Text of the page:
“Whatever is to be Performed or Endured”

The Charleston Museum’s 71st Regiment Cartridge Box Badge
By Carl P. Borick, Assistant Director


Many of the artifacts in The Charleston Museum’s collections have fascinating stories behind them. Among them is the British 71st Regiment cartridge box badge in the “Becoming Americans” permanent exhibit. Such badges frequently adorned Revolutionary era cartridge boxes, which were leather pouches used to carry soldiers’ ammunition. The metal decoration, generally a copper alloy, usually included the number of the regiment that the soldier belonged to and other embellishment such as the unit’s motto. The 71st’s badge, for instance, includes a thistle, symbolic of the unit’s native Scotland, and the regimental motto in Latin: Quicquid aut facere aut patee which translates to “whatever is to be performed or endured.” What is particularly intriguing about the Museum’s example is that we can isolate the exact week in which it was lost during the Revolutionary War.

The 71st Regiment saw extensive action in South Carolina during 1779-1781. Raised in the highlands of Scotland, recruits for the regiment were rugged men who were used to living a tough existence. Originally, they were issued kilts and carried broadswords. Neither of these saw much use in America. The heavy broadswords were difficult to carry in the rough terrain of North America and were soon abandoned. The kilts, meanwhile, seem never to have been issued. Early in the war, the regiment’s shipment of kilts was captured by American privateers; the garments were subsequently given to the Continental Army for use as blankets.

The 71st was involved in the Southern campaigns from beginning to end. A detachment assisted in the capture of Savannah from the Americans in December 1778, while another detachment was captured by patriot forces at Yorktown in October 1781. In the interim, they participated in almost every major action in South Carolina. It was the relatively unrecognized campaigning in 1779 in the South Carolina Lowcountry, however, that is the focus of the story surrounding the Museum’s cartridge box badge.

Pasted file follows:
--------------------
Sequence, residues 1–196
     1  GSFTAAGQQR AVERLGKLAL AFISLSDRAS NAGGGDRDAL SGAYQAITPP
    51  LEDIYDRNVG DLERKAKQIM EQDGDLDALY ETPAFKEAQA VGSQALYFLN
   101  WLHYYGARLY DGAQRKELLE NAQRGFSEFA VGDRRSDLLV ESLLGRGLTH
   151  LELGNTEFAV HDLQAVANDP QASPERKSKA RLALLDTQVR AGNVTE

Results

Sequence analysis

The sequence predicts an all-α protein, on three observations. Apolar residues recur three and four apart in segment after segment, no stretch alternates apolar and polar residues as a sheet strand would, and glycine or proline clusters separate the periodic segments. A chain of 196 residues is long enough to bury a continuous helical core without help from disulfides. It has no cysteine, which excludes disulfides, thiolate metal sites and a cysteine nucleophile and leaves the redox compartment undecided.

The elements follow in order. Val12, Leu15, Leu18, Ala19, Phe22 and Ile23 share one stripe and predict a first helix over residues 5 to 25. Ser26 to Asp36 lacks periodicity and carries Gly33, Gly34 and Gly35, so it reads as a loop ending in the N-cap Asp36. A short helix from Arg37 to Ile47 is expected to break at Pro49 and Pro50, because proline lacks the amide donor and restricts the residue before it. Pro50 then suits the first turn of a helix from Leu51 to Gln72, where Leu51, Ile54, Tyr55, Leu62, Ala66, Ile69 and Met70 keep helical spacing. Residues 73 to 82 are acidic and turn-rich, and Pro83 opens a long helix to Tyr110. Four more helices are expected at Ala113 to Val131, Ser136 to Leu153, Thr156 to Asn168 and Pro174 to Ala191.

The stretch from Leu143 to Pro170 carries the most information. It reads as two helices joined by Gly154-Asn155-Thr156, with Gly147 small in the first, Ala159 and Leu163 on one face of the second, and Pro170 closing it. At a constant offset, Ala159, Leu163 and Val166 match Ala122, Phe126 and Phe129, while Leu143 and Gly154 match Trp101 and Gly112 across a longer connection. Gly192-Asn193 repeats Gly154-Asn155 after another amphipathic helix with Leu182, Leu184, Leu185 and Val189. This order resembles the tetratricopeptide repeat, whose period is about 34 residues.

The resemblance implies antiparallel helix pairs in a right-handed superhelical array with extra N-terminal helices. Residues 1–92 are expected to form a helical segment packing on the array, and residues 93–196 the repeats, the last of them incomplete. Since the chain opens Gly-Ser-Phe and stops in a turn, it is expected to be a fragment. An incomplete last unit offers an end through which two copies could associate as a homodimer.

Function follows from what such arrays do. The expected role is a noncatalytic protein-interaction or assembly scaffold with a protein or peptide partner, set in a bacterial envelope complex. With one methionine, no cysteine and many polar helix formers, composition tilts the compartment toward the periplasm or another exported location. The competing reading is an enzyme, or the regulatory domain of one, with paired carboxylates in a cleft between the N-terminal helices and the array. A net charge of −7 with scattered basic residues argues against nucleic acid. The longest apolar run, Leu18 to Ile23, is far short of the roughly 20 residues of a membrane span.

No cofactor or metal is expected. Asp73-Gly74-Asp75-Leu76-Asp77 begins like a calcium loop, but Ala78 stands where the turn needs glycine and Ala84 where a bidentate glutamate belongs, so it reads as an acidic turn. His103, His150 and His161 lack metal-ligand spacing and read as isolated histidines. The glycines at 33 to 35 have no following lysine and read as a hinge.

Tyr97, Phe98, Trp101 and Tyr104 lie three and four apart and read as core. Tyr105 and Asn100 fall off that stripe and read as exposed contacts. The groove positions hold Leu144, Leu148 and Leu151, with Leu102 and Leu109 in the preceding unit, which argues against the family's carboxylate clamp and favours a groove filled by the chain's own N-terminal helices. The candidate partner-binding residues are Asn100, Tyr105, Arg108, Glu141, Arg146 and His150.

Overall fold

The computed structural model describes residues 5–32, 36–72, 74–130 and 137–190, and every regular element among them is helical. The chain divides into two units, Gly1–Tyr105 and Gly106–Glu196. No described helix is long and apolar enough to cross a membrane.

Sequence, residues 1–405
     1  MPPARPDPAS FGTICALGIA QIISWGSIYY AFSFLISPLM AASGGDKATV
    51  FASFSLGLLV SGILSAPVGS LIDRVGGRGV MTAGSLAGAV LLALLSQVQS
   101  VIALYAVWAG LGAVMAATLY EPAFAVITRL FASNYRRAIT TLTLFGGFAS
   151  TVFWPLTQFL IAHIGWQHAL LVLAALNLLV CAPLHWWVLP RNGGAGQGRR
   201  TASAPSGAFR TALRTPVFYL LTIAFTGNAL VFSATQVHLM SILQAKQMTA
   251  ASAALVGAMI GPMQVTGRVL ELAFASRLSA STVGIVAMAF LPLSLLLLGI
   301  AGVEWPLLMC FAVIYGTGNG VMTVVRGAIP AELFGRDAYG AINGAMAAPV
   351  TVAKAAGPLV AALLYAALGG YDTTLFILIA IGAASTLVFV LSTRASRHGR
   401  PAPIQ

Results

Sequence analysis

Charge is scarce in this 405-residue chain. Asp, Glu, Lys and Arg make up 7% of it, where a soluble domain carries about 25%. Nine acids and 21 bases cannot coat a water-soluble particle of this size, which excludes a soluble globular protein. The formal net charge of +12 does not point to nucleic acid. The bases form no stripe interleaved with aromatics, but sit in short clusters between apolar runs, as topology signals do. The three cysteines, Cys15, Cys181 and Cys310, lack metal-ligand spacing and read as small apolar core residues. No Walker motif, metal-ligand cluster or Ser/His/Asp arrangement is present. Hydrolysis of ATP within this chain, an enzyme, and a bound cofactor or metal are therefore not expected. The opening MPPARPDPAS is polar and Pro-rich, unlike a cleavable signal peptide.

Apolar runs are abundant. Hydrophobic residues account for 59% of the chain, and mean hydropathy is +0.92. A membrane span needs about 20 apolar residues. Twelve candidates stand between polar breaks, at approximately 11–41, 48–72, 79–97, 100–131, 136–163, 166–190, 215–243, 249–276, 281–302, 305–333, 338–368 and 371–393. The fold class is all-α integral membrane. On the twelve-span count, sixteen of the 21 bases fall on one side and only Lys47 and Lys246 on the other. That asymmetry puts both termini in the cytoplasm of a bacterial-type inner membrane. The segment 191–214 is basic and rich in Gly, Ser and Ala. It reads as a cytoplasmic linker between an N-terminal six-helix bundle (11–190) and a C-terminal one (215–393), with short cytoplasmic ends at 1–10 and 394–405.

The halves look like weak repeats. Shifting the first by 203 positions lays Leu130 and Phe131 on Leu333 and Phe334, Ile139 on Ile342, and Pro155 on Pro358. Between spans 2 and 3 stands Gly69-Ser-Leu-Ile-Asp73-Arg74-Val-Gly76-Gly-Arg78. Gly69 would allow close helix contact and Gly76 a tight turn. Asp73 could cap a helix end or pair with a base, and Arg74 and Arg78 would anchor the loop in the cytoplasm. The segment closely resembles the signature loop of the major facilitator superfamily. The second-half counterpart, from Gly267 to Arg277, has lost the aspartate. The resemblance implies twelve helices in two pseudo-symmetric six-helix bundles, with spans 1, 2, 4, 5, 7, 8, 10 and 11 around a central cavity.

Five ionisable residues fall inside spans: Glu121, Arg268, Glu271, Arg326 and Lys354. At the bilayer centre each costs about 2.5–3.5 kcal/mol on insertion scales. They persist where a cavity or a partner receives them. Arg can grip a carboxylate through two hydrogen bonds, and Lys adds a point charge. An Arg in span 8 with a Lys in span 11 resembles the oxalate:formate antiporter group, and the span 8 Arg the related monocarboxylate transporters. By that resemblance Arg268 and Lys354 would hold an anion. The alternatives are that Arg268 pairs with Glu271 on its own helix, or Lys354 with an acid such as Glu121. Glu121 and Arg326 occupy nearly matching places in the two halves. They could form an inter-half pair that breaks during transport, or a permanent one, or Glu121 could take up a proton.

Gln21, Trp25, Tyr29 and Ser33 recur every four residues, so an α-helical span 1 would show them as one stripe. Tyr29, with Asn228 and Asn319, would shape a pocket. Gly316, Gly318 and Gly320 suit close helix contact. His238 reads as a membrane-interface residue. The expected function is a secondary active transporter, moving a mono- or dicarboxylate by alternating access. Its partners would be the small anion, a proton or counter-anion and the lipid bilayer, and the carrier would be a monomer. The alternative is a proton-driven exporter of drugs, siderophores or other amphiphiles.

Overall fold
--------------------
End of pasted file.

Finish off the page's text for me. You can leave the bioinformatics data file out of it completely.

71st Regiment Cartridge Box Badge

The piece in the Museum’s collection was found by Mr. Jack Boineau, a former member of the Museum’s Board of Trustees, while walking on a beach on Edisto Island in 1966. The specific area is now called Point of Pines and is on the northeast end of the island along the North Edisto River. How did it end up on this remote beach?

After the capture of Savannah, British forces under General Augustine Prevost attempted to secure their hold on Georgia. In response, American commander General Benjamin Lincoln crossed his army to Augusta in April 1779 to prevent them from driving into the Georgia backcountry. Rather than engage Lincoln directly, Prevost gambled by crossing the Savannah River and marching toward relatively undefended Charleston. Among his troops were the 71st Regiment.

Alarmed by Prevost’s quick descent on the city, the civilian authorities panicked and offered South Carolina’s neutrality for the remainder of the war if the British would spare the town. Fortunately, Prevost insisted on dealing only with the garrison’s military officers, and General William Moultrie, the senior officer in the city, boldly announced to him that they would “fight” and defend Charleston. After receiving word that Lincoln was returning from Georgia, the British army retreated to James Island and Johns Island.

Detail from 1779 map showing British route across Edisto Island.
Image Courtesy William L. Clements Library, University of Michigan

In early June, Prevost began a slow march toward Beaufort. Lincoln attacked the British rear guard, which resulted in the bloody Battle of Stono Ferry on June 20. The 71st Regiment was in the thick of the fight and played a key role in driving off the attacking American force. After Stono Ferry, the British advanced uncontested, encamping at various points on the sea islands between Charleston and Beaufort. An unknown British officer sketched a map of the campaign which is now in the Sir Henry Clinton Papers at the University of Michigan’s William L. Clements Library. The map shows Prevost’s army encamping on the northeast end of Edisto Island from June 28 to July 4. The encampment site is precisely where Mr. Boineau found the Museum badge. While the 71st Regiment returned to the Charleston area the following year during the siege of the city, they were not posted near Edisto Island. It seems almost certain that one the unit’s soldiers lost the badge while on Edisto during this seven day period in 1779.

Fortunately, the owner of the property on which the badge was found agreed to donate the piece to The Charleston Museum where it has resided ever since. For years, it was thought to be a bonnet badge which one of the Scottish soldiers wore on his bonnet, but the fact that it is a heavy casting and has attachments appropriate for leather rather than cloth confirm that it is a cartridge box badge.

The Museum is privileged to have such a piece since only two other examples are known to have been found in South Carolina; one came from Camden battlefield and the other was found in the Savannah River. As for the soldier who lost the decorative device, he most likely continued to “perform” and “endure” without it.

See it for yourself! The 71st Regiment cartridge box badge is on permanent exhibit in the Museum’s “Becoming Americans” section of our second hall. While you’re here, be sure to check out the Royal Artillery cartridge box in the same case. It is one of the best-preserved examples of a Revolutionary War cartridge box.